Understanding Risk Factors Involved in Developing a Second Blood Clot.
This trial is active, not recruiting.
|Condition||deep vein thrombosis|
|Sponsor||Ottawa Hospital Research Institute|
|Collaborator||Canadian Institutes of Health Research (CIHR)|
|Start date||October 2002|
|End date||March 2016|
|Trial size||800 participants|
|Trial identifier||NCT00261014, 2002452-01H|
The purpose of this study is to develop a way to predict which patients diagnosed with idiopathic blood clots can safely stop warfarin therapy after six months. We will use patient characteristics, blood test results and imaging test results to identify those patients who have the lowest risk of developing a new blood clot after warfarin is stopped.
|United States||No locations recruiting|
|Other countries||No locations recruiting|
|Halifax, Canada||QE II Health Sciences Centre||no longer recruiting|
|London, Canada||London Health Sciences Centre||no longer recruiting|
|Ottawa, Canada||The Ottawa Hospital||no longer recruiting|
|Montreal, Canada||Hopital du Sacre Coeur||no longer recruiting|
|Montreal, Canada||Montreal General Hospital||no longer recruiting|
|Montreal, Canada||Montreal Jewish General Hospital||no longer recruiting|
|Brest, France||CHU de le Cavale Blanche||no longer recruiting|
Incidence of adjudicated recurrent VTE during study follow-up
time frame: 8 years
Male or female participants at least 18 years old.
- Objectively proven (as previously described (8)) proximal idiopathic deep vein thrombosis or pulmonary embolism. Idiopathic will be defined as VTE occurring in the absence of fracture, plaster cast, immobilization greater than 3 days or a general anesthetic in the last three months prior to VTE diagnosis; a known deficiency of antithrombin, protein C or protein S; and malignancy in the last five years
- Patients treated initially with a minimum of five days of heparin or low molecular weight heparin and oral anticoagulants with a target intensity of 2.0 - 3.0 with no recurrence in the subsequent six months.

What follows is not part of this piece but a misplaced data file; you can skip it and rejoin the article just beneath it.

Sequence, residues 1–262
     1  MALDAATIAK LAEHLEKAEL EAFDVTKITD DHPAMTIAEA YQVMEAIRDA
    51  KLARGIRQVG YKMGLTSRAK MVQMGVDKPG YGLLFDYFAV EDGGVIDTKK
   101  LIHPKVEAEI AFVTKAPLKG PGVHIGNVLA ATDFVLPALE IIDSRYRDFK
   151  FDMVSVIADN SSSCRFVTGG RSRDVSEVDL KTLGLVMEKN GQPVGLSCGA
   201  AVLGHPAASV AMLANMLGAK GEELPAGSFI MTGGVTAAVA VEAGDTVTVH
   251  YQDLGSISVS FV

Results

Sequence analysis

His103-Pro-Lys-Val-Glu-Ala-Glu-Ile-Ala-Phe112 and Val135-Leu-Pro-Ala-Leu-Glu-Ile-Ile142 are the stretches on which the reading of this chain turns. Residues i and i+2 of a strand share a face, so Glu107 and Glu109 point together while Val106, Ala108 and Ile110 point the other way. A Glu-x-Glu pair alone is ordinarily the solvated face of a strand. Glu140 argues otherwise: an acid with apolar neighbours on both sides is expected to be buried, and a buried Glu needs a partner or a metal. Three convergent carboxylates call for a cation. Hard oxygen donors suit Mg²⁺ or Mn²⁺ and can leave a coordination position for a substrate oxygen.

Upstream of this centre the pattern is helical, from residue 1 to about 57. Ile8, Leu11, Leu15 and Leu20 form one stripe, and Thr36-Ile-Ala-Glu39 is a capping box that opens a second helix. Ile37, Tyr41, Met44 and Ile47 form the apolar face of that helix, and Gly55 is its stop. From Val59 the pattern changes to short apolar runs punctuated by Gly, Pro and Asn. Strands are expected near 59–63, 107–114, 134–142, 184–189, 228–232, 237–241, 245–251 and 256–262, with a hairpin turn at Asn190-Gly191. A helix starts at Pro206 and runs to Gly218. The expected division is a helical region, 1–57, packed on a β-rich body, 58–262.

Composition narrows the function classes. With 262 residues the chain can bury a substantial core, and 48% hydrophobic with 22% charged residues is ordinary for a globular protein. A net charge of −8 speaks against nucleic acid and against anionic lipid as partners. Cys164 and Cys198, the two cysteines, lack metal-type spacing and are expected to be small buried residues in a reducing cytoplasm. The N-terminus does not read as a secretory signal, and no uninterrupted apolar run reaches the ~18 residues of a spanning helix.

- Patients currently on oral anticoagulants
- Recurrent idiopathic VTE (i.e. ≥ 2 previous idiopathic VTE). Previous secondary VTE is not an exclusion criterion;
- Age <18;
- Known deficiency of proteins S, protein C or antithrombin;
- Known, persistently positive anticardiolipin antibodies (titers > 30U/ml);
- Known, persistently positive lupus anticoagulant;
- Combined thrombophilic defects (e.g. homozygous for FVL or PGM, or compound heterozygous for FVL and PGM);
- Refusal of informed consent.
|Official title||REcurrent VEnous Thromboembolism Risk Stratification Evaluation A Study to Develop a Clinical Prediction Rule to Predict Low Recurrence Risk in Patients With Idiopathic Venous Thromboembolism.|
|Principal investigator||Marc Rodger, MD MSc|
|Description||The risk of recurrent VTE in patients with idiopathic VTE subsequent to three to six months of oral anticoagulant therapy remains high (5-27% per year). The risk of recurrent VTE, however, is not likely high enough to justify indefinite anticoagulation in all patients with a first idiopathic VTE due to the rate of major bleeding with oral anticoagulants (2-6% per year), the inconvenience and cost of oral anticoagulant therapy, monitoring of oral anticoagulant therapy (e.g. prescription costs, time off work to go for lab tests, parking etc) and the lifestyle limitations of oral anticoagulant therapy (avoidance of certain physical activities, dietary restrictions, avoidance of pregnancy). Further, as some have argued, perhaps all that anticoagulant therapy achieves is to delay recurrent VTE and, as a recent editorial suggested, a tailored approached is required to determine sub-groups who require lifelong anticoagulation. A means to stratify patients with idiopathic VTE to identify a group at low risk of recurrent VTE who could safely discontinue oral anticoagulants subsequent to six months of therapy would be a significant advance in the care of these patients.|
Call for more information